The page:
CONSTRUCTION Scotland Innovation Centre (CSIC) had a timber house on show during COP26. The house was there to show how timber can be almost as versatile as brick, steel and concrete, with it also being five times lighter and of comparable strength in concrete's case. The building highlighted the use of cross-laminated timber (CLT), predominantly with kiln-dried spruce, although larch, fir and pine are also suitable.

CLT also has enough strength to replace steel in many cases, excepting brackets and bolts, to allow constructions up to 12 storeys in height, with trials being done upwards to 30 storeys.

As things currently stand, new build housing construction in Scotland is approaching 75% as timber-framed, and with other advances like structural insulated panels (SIP), a sandwich of oriented strand board (OSB) and foam insulation, which are up to 35% lighter than current timber frame panels, much more of the tree is being fully utilised.

More and more of the houses now can be prefabricated in factory environments, greatly improving working conditions on and off site, and speeding up construction considerably. I do not propose, nor condone, filling every hill and glen in Scotland with swathes of CO2-capturing coniferous trees, but with thought and consideration for livestock, shelter belts of trees could be planted on otherwise unprofitable sheep-rearing ground, and, where conditions are suitable, large areas could be planted with native deciduous trees, or a mix of both.

I don't think that everyone realises that timber on the tree, or in cut form, still retains captured CO2 until the wood finally degrades and rots away. Next time you go for your weekly shop in some of our larger and newer superstores, check the supporting structure, and you may be surprised to see that they are made from CLT, lots of timber but little steel. The only problem with timber as a highly adaptable renewable source for building and fuel, is that from planting to harvesting takes from 25 to 50 years, dependent on species of the tree. However, in Wales, some Sitka spruce have reached maturity in 15 years. So we had better get our fingers out and start planting now.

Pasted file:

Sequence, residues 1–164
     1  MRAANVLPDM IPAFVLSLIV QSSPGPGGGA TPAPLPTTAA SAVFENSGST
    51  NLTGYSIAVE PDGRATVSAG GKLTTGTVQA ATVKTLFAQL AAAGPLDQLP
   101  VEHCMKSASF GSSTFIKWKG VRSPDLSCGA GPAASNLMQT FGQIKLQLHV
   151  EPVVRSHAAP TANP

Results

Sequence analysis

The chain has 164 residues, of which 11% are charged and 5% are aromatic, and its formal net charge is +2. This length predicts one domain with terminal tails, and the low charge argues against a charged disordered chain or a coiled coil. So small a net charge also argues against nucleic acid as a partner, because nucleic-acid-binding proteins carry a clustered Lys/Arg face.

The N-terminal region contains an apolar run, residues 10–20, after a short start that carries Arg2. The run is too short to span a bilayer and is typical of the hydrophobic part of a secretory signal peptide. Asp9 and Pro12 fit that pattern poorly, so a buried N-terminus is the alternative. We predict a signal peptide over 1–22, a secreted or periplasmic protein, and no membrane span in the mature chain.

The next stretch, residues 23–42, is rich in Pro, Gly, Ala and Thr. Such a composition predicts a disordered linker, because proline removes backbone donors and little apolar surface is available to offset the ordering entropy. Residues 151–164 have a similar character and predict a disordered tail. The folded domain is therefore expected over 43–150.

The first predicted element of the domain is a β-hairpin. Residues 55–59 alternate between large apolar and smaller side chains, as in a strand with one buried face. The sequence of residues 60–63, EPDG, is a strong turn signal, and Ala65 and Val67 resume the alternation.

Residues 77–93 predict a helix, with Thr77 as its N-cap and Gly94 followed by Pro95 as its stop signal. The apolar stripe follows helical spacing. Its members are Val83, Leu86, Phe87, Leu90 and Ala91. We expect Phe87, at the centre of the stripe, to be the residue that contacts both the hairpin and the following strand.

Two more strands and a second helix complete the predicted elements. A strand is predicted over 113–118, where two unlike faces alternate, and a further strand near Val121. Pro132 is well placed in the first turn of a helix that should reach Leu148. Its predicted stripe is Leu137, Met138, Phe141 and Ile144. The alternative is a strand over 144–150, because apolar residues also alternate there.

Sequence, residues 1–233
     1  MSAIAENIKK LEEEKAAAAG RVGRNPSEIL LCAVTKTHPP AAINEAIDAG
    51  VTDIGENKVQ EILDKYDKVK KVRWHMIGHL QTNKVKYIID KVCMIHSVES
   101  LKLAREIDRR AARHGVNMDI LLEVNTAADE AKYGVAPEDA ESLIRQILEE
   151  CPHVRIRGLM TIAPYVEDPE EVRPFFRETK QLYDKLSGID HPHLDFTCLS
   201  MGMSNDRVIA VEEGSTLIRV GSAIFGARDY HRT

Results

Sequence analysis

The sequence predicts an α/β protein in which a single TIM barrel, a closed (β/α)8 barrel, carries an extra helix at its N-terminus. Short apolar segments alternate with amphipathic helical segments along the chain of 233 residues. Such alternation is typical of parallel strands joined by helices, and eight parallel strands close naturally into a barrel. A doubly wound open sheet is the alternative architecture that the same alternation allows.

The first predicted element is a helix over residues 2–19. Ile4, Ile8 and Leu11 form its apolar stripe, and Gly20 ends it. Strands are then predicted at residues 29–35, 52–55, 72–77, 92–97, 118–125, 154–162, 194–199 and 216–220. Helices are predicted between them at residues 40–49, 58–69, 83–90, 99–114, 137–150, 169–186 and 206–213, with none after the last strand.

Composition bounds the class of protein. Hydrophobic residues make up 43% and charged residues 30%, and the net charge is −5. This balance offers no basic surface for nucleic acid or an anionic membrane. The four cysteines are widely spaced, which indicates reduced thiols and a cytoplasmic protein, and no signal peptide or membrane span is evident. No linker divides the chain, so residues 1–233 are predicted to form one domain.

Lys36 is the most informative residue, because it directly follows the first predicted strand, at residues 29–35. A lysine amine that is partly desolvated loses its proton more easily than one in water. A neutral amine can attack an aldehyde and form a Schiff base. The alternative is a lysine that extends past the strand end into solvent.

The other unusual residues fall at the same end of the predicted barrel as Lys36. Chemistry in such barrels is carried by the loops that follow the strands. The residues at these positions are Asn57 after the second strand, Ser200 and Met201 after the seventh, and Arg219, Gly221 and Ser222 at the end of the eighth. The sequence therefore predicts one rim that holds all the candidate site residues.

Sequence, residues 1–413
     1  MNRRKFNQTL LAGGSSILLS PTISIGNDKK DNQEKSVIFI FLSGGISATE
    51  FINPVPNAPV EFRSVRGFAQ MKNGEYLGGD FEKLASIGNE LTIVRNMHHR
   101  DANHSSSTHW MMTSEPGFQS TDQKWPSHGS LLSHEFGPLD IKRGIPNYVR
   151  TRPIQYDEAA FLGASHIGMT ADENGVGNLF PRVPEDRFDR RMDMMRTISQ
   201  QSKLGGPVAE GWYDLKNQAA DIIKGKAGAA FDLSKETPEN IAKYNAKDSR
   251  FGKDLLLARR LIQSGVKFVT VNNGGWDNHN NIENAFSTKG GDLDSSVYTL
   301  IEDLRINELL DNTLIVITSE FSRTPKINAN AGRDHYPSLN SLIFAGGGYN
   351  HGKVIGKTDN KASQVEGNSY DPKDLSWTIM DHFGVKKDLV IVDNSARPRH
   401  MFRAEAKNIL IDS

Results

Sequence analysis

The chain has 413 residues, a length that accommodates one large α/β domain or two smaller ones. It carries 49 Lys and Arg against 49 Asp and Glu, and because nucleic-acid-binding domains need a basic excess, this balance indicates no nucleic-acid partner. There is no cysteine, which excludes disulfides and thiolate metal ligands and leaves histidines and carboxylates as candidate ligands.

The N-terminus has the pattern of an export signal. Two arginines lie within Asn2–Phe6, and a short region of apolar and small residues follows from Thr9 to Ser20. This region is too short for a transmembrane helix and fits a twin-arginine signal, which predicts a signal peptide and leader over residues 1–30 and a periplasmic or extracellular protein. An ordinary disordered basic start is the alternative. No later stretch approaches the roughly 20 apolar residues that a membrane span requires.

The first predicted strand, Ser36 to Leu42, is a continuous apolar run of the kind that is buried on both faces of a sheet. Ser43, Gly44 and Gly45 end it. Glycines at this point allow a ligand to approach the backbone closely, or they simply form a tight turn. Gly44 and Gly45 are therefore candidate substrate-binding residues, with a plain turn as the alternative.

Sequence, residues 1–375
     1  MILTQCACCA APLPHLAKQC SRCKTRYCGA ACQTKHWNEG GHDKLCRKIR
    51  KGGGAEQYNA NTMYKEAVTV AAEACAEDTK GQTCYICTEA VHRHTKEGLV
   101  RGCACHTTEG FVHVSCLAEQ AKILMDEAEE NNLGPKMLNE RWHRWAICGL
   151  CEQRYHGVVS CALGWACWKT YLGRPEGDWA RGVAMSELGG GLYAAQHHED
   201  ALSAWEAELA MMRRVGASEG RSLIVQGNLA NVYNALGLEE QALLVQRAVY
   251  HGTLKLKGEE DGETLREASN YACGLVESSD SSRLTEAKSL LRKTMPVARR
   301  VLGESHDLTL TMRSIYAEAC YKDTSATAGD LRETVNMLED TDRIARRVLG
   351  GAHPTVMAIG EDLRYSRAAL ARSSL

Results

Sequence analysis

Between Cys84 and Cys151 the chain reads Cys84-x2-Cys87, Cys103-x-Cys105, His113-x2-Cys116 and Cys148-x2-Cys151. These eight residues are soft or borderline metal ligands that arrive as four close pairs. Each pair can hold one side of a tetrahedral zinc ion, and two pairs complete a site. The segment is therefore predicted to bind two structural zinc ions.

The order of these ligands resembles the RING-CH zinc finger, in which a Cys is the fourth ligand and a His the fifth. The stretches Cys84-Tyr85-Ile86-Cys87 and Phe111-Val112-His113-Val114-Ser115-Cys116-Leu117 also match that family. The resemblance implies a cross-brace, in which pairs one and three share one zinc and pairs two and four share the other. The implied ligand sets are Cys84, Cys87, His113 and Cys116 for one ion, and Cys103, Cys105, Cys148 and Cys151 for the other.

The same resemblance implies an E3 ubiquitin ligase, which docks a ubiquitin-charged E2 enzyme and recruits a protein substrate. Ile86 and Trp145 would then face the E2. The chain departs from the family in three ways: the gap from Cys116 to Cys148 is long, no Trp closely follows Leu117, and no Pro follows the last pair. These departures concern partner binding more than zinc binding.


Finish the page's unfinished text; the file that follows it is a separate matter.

George Dale, Beith.


RICHARD Gordon (Letters, November 19) suggests the public should boycott Chinese goods.

I am sitting in a chair at a table composing this email on my laptop. All are well-known brands. All are manufactured in China. The same applies to my kettle, toaster, mobile phone, vacuum cleaner, TV satellite box and almost any electrical item purchased in recent years. They are all of good quality. Only by inspecting the packaging do you discover, in small print, that they are manufactured in China.

Go into any home discount store and it would be almost impossible to find any item not from China.

Instead of using my car I can now go into town in a Chinese-built electric bus wearing my Chinese mask.

The West has basically exported its CO2 production to China and is now heavily dependent on it for manufactured goods.

On the other hand China is also heavily dependent on the West for its export market, so why would it risk any form of armed conflict?

Alexander Johnston, Renfrew.


I TAKE issue with Ruth Marr (Letters, November 18) on her comments about two-car families and bus travel.

Public transport is fine – I use it everyday to and from work – if your journey is A to B. The problem is the average person does not always have that luxury. For example, my son works in a gym in Anniesland: 20 minutes in the car, 70 minutes by public transport. For her work today my wife is in Robroyston, Cumbernauld, Kirkintilloch, Milngavie and Bearsden; try that on public transport. Supermarkets are often not ideally placed on bus routes and not the best vehicles for weekly shops. Then there are issues like those affecting my daughter, who lives in a village in Devon, not exactly a convenient journey on public transport, especially as there is none locally.

Yes, in a perfect world it would be nice if you could just jump on a bus or train near you and arrive quickly at a local destination, but nowadays people's commitments often do not allow that, so sometimes two cars are a necessity.

Douglas Jardine, Bishopbriggs.


I RECENTLY took a trip to Greenock to see the last cruise ship to visit there in 2021. This ship is absolutely huge and has a passenger complement of around 3,500 persons. Further investigations revealed that she had been constructed in just two years (2017-2019).

Standing on the quayside and looking eastwards I was puzzled, ashamed and angry that in the dock at Port Glasgow are two “mini” vessels that have been slumbering there for in excess of four years.

John M Caldwell, Bothwell.


I’M as happy as the next Scottish football fan at the national team’s success but my first thought if I'd read Teddy Jamieson’s headline “What if Scotland get to the World Cup finals?” (The Herald, November 19) a year ago, before processing the politics involved, would have been "cancel COP26", as a win in the final might signal the end of global warming. Hell would have frozen over.

Now, who knows?

R Russell Smith, Largs.